# derivation in near-ring

Let $N$ be any near-ring. An additive mapping $d:N\rightarrow N$ is called derivation if $d(xy)=d(x)y+xd(y)$ for any $x,y\in N$. Recently, i read some paper about derivation and there are many paper that discuss "A near-ring $N$ is commutative ring if it is satisfy one of derivation" and the famous one and oftenly cited is on the paper of Bell, et al (1997). Instead of direct proving a near-ring is commutative ring by its abelian, multiplication is commutative and both distributive holds, why using derivation? May be, they want to show that proving a near-ring is commutative ring, is not always using the same way, that there is another way to reach that, in this case using derivation. But, is there any reason why using derivation? And my other question is, what is the other useness of derivation in a ring/near-ring beside for commutativity? Thank you!

I am not sure whether I completely understood your question, but you asked why people use derivations to show commutativity. Well, I guess that some people working in near-rings tried to follow the results obtained in ring theory and there is a bunch of classical results which says that if a ring has a derivation with certain properties, then it is commutative. For example Herstein proved in 1978 in "A Note on derivations" that a prime ring R with derivation $d$ is commutative if $d(x)d(y)=d(y)d(x)$ for all $x,y \in R$. More on commutativity condition for rings can be found in the article "Commutativity conditions for rings: 1950–2005" by JamesPinter-Lucke.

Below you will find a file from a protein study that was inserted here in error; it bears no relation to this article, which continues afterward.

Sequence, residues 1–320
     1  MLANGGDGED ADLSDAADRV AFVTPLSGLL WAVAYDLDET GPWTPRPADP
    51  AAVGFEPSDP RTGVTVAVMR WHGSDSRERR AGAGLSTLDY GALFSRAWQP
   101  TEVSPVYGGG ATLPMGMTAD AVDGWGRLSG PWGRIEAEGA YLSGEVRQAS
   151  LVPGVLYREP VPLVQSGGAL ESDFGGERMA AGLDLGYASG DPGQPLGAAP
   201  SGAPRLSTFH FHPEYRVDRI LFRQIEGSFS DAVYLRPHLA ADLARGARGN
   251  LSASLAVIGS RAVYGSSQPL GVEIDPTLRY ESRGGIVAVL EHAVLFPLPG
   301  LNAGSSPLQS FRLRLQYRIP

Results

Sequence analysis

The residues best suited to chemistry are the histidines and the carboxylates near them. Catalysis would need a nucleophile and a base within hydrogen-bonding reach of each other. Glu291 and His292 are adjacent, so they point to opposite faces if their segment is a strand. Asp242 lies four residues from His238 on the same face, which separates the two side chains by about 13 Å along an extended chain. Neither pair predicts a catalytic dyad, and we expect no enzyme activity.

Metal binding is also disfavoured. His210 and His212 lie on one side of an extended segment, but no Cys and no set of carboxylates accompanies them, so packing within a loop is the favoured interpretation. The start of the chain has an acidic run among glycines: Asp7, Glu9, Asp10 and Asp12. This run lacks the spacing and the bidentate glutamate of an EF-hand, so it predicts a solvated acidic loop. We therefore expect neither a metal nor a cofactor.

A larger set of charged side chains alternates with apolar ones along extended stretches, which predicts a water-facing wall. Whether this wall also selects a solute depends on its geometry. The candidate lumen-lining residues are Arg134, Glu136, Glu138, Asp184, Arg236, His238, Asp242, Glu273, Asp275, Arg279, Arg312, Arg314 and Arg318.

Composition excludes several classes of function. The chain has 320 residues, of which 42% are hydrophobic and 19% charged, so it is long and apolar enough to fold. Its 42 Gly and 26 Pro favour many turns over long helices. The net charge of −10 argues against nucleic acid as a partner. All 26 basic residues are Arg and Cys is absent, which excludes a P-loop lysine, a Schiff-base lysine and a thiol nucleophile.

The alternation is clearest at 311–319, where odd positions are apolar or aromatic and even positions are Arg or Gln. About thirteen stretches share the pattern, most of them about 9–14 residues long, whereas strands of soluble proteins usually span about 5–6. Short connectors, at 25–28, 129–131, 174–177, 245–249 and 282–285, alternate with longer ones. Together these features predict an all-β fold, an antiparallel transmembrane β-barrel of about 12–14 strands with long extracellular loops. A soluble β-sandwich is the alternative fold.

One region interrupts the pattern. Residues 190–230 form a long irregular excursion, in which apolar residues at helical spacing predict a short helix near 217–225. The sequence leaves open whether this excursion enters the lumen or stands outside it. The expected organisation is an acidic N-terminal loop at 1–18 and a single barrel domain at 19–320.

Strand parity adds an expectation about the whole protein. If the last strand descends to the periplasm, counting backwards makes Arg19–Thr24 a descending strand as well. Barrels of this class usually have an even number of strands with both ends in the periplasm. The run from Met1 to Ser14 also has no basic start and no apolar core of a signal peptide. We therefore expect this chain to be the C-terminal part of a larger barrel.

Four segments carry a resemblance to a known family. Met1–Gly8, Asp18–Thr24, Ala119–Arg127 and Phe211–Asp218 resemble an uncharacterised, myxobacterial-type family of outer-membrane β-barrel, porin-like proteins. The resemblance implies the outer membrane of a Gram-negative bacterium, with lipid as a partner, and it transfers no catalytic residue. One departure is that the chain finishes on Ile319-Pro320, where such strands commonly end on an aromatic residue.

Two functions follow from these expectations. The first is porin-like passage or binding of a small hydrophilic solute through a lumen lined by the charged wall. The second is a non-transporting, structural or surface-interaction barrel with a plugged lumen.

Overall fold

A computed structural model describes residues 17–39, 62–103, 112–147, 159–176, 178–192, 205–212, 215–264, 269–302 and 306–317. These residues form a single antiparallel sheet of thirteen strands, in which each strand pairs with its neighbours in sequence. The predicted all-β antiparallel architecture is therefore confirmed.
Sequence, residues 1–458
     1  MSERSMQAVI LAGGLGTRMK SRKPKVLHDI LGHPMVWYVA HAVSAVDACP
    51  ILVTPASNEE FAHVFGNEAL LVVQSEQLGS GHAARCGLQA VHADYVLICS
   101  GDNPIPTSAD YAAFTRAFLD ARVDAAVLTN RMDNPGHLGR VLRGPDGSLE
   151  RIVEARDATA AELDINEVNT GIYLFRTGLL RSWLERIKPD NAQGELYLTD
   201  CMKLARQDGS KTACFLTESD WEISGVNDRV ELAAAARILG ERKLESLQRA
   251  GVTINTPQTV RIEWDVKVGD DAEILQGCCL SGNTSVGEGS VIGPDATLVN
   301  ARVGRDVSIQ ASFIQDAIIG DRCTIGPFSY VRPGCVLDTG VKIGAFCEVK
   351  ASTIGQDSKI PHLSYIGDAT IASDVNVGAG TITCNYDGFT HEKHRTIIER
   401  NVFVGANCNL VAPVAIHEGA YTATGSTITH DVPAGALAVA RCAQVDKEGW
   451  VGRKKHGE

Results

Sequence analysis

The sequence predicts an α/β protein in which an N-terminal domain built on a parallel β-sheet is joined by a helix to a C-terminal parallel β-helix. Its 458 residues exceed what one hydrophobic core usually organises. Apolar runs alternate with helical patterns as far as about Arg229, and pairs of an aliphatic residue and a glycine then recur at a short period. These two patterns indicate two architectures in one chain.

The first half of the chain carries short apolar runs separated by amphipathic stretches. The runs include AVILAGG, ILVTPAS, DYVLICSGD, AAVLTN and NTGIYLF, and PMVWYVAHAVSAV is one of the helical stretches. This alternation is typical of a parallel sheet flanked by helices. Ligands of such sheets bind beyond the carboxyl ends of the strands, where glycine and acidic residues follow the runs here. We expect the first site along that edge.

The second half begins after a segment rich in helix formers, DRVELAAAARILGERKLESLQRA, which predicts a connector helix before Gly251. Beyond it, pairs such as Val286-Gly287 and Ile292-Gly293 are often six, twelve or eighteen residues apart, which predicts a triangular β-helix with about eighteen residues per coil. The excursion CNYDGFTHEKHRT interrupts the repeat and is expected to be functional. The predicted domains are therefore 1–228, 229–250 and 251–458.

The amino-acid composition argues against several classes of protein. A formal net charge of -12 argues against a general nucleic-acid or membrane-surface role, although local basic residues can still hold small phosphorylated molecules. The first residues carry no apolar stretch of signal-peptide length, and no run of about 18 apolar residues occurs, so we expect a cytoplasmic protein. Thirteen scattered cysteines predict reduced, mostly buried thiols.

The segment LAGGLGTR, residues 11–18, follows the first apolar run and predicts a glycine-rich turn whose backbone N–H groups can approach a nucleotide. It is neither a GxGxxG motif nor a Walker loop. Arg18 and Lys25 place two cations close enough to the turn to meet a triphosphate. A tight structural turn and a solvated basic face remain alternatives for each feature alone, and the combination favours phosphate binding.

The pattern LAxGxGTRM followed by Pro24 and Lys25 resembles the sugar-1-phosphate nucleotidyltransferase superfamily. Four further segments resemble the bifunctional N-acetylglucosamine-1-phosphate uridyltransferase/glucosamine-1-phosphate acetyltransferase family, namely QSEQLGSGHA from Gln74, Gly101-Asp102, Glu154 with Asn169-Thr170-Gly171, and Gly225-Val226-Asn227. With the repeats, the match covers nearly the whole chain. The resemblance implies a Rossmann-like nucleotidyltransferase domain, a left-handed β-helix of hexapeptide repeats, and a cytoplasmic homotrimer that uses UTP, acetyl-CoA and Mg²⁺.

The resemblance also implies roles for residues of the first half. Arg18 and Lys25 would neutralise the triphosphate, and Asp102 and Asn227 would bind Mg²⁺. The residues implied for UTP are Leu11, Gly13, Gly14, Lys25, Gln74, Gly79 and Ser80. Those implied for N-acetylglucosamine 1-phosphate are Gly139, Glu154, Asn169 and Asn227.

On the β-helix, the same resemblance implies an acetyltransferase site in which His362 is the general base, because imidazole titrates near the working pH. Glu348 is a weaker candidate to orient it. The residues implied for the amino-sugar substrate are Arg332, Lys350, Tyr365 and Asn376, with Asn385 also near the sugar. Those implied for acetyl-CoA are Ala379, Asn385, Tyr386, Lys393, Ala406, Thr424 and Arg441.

• I don't understand what you mean by "I can't even find the example that illustrate the theorem." Do you want a ring and a derivation such that the hypothesis is not fulfilled? Or do you want a ring and a derivation that do satisfy the hypothesis, in which case your ring must be commutative and then the commutators are zero. For example in Herstein's result that I mention you have an equivalence: A prime ring with (non-zero) derivation d is commutative if and only if $d(x)d(y)=d(y)d(x)$, for all $x,y$. Hence any commutative prime ring with non-zero derivation d yields an example for you. – Christian Lomp Jun 12 '18 at 17:17
• So, take the polynomial ring $R=\mathbb{Q}[x]$ over the rationals and take any non-zero derivation, for instance the canonical one $d=\frac{\partial}{\partial x}$. This satisfies obviously all what you want. – Christian Lomp Jun 13 '18 at 8:39